In our opening talk of the series, Shamika discussed using UX methodologies within her research on Black futures - but what exactly is UX? The second event in our series features UX Designer Bri-Anna Lewis whose impressive resume includes designing at IBM, being a mentor at ADPList, teaching UX bootcamps at the University of Minnesota, and starting her own design company Opportune Design.
Bri-Anna opens her talk explaining that the role of UX designers is to make sure what you're interacting with makes sense and is worth everybody's time. This is needed everywhere, so UX skills can be applied across industries whether in academia or otherwise. To better understand UX, we have to understand user experience as a whole. In general, user experience is making sure people leave with an enjoyable experience after engaging with a certain product.
A UX Designer represents the "who" - the person who makes sure the user has an accessible, enjoyable, pleasant experience. UX gives a voice to users from all backgrounds by asking questions like: Who has the problem? What is the problem? How will we solve the problem? What will the solution achieve? Once we break down the problem, we can start thinking through specific features: What features are required to accomplish these objectives? What will the product look like and how will it function?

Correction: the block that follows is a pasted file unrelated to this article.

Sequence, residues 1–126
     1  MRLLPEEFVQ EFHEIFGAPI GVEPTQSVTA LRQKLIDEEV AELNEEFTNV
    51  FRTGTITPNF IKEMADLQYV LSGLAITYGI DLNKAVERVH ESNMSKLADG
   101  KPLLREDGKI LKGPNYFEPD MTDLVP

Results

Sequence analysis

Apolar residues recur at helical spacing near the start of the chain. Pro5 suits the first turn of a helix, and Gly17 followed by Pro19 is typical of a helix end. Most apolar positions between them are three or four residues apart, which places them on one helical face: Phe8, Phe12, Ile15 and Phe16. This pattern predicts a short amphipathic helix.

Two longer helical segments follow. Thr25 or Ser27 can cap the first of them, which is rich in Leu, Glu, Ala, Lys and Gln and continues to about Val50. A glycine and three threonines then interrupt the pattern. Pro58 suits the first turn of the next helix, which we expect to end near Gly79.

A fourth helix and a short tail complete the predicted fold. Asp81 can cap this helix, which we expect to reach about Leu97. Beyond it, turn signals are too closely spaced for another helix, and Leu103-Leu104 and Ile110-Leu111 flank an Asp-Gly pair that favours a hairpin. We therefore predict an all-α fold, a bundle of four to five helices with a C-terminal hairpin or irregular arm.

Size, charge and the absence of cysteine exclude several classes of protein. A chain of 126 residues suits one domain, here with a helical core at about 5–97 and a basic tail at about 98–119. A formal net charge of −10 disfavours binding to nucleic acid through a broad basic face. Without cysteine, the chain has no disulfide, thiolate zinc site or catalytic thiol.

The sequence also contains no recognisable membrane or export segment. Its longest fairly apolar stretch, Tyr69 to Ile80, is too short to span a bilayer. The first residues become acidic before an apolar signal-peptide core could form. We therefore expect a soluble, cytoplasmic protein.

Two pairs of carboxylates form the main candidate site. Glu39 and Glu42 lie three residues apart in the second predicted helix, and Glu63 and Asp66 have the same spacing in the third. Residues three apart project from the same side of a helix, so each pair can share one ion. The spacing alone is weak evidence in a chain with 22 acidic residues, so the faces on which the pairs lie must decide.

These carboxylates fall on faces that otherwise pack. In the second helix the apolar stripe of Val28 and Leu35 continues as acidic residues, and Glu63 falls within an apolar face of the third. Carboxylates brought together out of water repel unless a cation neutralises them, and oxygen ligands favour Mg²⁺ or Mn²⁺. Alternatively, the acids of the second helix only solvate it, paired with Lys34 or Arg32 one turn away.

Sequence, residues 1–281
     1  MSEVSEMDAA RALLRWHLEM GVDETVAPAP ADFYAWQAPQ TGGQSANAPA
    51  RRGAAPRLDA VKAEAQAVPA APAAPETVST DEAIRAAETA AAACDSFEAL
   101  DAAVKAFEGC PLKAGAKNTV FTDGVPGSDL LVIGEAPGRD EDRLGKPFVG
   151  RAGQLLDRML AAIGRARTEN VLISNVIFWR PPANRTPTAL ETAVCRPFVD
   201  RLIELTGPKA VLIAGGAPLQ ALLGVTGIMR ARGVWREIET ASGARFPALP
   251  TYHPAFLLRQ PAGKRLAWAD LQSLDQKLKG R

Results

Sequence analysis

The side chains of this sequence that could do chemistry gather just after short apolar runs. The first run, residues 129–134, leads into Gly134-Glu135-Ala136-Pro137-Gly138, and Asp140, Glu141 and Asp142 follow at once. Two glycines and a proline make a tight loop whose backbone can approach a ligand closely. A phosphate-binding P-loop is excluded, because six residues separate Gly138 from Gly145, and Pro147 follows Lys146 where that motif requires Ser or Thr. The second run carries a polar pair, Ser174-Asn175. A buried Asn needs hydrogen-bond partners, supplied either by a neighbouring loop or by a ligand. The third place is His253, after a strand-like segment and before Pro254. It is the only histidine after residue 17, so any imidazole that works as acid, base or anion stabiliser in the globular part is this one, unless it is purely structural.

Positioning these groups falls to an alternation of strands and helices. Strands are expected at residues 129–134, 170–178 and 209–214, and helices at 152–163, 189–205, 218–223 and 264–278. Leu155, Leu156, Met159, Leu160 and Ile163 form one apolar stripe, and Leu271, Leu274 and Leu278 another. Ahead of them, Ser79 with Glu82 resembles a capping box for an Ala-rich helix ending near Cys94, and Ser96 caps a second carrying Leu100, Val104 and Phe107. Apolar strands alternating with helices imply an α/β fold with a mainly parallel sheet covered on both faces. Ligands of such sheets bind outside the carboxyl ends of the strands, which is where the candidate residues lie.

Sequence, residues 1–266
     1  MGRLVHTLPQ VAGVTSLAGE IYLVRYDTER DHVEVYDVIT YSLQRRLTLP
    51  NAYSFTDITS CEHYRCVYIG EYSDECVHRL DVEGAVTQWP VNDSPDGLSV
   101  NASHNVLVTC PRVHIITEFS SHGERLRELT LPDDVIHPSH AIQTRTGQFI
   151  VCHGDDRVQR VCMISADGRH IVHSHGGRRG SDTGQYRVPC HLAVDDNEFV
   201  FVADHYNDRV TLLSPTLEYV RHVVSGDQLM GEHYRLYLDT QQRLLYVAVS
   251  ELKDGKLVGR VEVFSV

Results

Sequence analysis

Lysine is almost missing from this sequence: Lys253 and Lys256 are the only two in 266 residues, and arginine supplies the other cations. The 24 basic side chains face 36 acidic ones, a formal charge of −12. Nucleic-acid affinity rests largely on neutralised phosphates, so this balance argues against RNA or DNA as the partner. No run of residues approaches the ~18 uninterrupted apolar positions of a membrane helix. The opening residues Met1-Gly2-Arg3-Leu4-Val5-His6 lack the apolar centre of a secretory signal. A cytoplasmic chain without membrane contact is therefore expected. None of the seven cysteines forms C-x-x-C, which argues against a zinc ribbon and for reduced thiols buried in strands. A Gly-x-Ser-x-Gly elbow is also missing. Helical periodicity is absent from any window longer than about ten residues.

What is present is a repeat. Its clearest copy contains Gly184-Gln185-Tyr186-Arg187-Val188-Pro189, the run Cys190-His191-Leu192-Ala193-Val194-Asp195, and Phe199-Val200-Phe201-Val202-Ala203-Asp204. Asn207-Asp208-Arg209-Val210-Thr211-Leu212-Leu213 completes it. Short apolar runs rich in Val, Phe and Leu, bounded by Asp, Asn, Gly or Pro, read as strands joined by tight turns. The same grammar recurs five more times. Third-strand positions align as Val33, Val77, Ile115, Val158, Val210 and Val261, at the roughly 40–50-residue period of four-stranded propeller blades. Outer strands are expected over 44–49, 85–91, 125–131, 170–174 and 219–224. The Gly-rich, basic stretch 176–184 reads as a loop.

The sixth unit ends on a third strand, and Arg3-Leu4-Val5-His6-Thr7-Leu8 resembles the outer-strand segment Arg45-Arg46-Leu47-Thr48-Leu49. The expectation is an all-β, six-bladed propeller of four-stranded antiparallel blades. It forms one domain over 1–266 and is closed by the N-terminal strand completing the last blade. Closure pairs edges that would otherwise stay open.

But, UX Design is not about just making something functional... it is also about making something delightful and meaningful! The ladder image above shows the different steps UX designers have to take to ensure everyone can climb up it. But... it is also important to ask: who can't use the ladder? This is why accessibility is important! No matter what interface we design, there will always be situations where people's experiences because of disability and we have to consider this when designing. So what? What's the big deal? Why should we even care? Because people matter - if the experience is bad, people are not coming back. Having a mature UX framework helps us mitigate risk when designing products.
The cool thing about UX is that it allows you to take a variety of different pathways from research to design to development to content creation. UX shows up in a wide range of industries from gaming to fashion because in any industry, people want to have good experiences! With the tools in UX constantly changing, it is vital to develop your core skills and competencies to allow for more flexibility.
With only 3.4% of UX designers being Black, it is more critical than ever to support the development of emerging Black UX professionals. As Shamika's talk emphasized, lack of representation leads to the creation of biased and harmful technologies - so let's work on changing this!